Today was a combination of scenic drive, short walks, and flat, easy hikes as we crammed a lot of sight-seeing in on our last day at beautiful Capitol Reef National Park. Read on for lots of photos and to see how Capitol Reef got its name.
We needed to get moving to a planned event in Colorado, so we just had today to further explore more of Capitol Reef National Park before moving on.
Unfortunately, it wasn't a bright, sunny day but at least it was warm and it didn't rain on us.
We crammed in as much as we could without doing anything difficult. In fact, we just wore our sneakers rather than hiking boots.
Our first stop was at Goosenecks Point which overlooks the meanderings of Sulphur Creek.
It's a great view ....
but it doesn't compare to other "goosenecks" we've seen: Horseshoe Bend - Colorado River; Dead Horse Point - Colorado River; and Goosenecks State Park - San Juan River.
Next, we stopped at the Petroglyphs pull-off on UT Hwy 24. Boardwalks ....
took us to views of the cultural etchings on the rock walls.
Next, we hiked in the Grand Wash.
The Grand Wash is a 2.5 mile one-way easy trail through a wash with high cliff walls. You can start at the east end at a parking area off the Scenic Drive, or you can start at the west end at a parking area on Hwy 24. We decided to start from Hwy 24 where we would walk up the canyon and then return the same way down the canyon.
Not long into the walk, Linda spotted some petroglyphs on the right.
That was some great rock art we didn't know about. There were no signs, and I must have missed references to these petroglyphs when I was doing my research. Good spot by Linda.
We walked through the increasingly high walls.
That's a solo hiker in the lower center left in the photo above.
Lots of people walk the wash to the narrowest part (which happens to be about half-way from either direction) and then turn around and walk back. That was our plan as well.
After exploring the narrows, we turned around and headed back where we met several folks coming through this lovely section.
We saw a couple of free-standing arches that we hadn't seen on the way in.
And this beautiful Black-throated Gray Warbler sang a joyful song for us.
We had a wonderfully easy three-mile walk through the Grand Wash.
On the way back toward the Visitors Center, we stopped at the Navajo Dome viewpoint.
The sandstone domes like this one reminded early settlers of the dome on the Capitol building in Washington, D.C. That's why there's a Capitol with an "o" in the park's name. From the park's FAQs:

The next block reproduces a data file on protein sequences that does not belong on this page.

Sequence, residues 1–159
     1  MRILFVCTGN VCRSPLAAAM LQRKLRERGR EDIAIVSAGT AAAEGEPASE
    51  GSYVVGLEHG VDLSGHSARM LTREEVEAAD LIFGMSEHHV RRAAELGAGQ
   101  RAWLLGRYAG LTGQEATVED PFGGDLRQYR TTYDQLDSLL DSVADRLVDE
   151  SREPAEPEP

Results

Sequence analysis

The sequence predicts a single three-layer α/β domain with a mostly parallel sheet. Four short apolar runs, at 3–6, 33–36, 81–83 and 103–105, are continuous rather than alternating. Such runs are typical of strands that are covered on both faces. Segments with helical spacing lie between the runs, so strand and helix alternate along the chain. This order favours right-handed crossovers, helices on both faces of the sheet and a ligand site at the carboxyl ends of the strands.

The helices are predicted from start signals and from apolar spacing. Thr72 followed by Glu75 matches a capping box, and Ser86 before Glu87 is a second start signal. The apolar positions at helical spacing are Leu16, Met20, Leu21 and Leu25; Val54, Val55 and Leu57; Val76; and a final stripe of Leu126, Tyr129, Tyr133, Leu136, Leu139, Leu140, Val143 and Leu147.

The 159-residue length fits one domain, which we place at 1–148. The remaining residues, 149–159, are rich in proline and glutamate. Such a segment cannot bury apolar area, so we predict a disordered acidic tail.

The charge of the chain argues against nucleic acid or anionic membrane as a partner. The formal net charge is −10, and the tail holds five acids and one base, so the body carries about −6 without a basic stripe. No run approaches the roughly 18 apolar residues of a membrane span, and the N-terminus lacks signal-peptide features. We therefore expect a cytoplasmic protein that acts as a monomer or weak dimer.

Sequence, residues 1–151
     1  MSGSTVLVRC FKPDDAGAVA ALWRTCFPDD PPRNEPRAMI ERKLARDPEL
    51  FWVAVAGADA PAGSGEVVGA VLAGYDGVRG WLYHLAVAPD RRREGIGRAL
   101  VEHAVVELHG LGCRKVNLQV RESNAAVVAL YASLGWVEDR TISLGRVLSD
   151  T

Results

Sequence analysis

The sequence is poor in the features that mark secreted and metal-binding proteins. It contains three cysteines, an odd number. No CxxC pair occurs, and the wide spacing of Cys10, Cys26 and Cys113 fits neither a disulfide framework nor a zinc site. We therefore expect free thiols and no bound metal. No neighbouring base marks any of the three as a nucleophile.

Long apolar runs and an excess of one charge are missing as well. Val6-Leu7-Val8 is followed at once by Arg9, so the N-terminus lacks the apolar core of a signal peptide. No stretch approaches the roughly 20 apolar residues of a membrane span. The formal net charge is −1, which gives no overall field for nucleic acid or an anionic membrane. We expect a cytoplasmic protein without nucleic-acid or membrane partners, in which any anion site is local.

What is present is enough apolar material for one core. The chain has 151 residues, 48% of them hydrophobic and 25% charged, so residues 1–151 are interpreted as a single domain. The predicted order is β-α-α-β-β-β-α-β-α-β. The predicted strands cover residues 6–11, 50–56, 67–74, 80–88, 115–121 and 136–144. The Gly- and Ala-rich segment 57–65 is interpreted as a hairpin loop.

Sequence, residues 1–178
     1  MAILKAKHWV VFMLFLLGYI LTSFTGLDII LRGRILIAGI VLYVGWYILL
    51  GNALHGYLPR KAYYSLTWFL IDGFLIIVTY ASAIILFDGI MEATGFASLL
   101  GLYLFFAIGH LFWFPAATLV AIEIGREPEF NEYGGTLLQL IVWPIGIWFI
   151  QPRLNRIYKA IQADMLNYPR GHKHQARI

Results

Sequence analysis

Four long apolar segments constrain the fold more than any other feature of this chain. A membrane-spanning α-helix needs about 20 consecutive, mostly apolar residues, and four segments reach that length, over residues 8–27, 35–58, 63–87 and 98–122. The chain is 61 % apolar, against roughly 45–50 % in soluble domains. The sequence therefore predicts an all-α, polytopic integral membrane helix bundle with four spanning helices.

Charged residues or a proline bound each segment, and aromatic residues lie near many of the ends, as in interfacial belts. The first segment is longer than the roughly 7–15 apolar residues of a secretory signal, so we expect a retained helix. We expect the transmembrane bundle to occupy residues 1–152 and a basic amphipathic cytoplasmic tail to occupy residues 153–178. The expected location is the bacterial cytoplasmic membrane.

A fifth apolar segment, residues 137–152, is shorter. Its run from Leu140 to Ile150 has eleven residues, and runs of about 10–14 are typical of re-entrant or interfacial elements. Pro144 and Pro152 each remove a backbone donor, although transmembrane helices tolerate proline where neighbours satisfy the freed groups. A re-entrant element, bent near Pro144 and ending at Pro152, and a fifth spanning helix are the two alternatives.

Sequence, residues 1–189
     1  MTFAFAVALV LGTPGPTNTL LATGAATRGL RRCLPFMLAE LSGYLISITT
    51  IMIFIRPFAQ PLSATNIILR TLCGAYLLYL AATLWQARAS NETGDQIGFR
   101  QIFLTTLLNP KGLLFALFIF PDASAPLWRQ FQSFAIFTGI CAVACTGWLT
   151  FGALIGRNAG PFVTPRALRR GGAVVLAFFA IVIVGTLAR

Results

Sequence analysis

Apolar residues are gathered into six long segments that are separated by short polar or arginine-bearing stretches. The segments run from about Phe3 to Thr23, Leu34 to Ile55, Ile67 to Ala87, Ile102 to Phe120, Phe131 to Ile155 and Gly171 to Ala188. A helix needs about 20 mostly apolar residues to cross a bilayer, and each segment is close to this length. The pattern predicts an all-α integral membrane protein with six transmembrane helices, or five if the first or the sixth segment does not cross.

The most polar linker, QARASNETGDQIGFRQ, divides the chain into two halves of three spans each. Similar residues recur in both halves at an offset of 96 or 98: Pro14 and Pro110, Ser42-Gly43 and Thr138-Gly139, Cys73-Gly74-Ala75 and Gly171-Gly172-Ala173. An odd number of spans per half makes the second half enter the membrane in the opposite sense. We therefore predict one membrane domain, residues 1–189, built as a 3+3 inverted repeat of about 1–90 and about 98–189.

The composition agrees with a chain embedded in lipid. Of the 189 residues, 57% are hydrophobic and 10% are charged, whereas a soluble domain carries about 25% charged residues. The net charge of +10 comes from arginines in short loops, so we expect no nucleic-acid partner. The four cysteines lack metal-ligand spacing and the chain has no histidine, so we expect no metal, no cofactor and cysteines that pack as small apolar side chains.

1.Why the name "Capitol Reef"?
Early settlers noted that the white domes of Navajo Sandstone resemble the dome of the Capitol building in Washington, DC. Prospectors visiting the area (many with nautical backgrounds) referred to the Waterpocket Fold, a 100-mile long ridge in the earth's crust, as a reef, since it was a formidable barrier to transportation.
At the viewpoint, I walked over to the Fremont River for a couple photos.
Next, we drove the park road. We checked out the Fruita Campground in the park and determined that Loop C is a pretty decent place to stay, even for a larger rig.
We then took the 8.2 mile, paved Scenic Drive. There is no entrance fee for the park, but there is a $5 fee for the Scenic Drive (except for those that have federal park passes). Here are some photos from the drive.
At the end of the paved road, you can continue to drive the unpaved road into Capitol Gorge ....
for another mile or two.
At the end is a parking area with picnic tables and trailheads.
On the left, not too far in on the Capitol Gorge Trail, are more petroglyphs (though not as good as the previous site we visited).
Across the wash, high on the wall were some etched names from 1911.
We walked farther into the wash.
Eventually, we came upon the sign for the "Pioneer Register".
The "Pioneer Register" is an area on the left wall above where people from the late 1800s and early 1900s etched their names and the dates of their visits.
From there, we walked on down the wash.
We came to a sign that said "The Tanks - .2 miles" and pointed up the rocks on the left.
Since Linda didn't have here hiking poles and it was a steep, rocky traverse, I went up by myself to take a couple pics.
It seemed like an awfully long .2 miles, but I eventually came to a "tank" (basically, a pothole that retains rainwater).
There was some more standing water in a couple more places, but I'm not sure the hike up was worth it to see the "tanks". However, there were some nice views.
Back down in the wash, we walked back to the parking area - another two and a half mile scenic, but easy, walk.
We drove out of the gorge.
Back on the pavement, I took a few more shots on our way out.
Back on Hwy 24, I took our last photos of the day as we passed through Capitol Reef on our way back to the campground.
We didn't get to do everything we wanted to do at Capitol Reef, but we got to check out many of the highlights. Next time we're here, I've got a couple of long hikes I want to do. It's a fantastic, relatively uncrowded, scenic National Park
We can't say enough about the National Parks in Utah. In past years, we've done everything we wanted to do in Arches National Park, and we've done some wonderful hiking and driving in Canyonlands National Park. And the last two and a half weeks in Zion, Bryce Canyon, and Capitol Reef have been amazing. We are so blessed to live on the road and to be able to see America's natural beauty.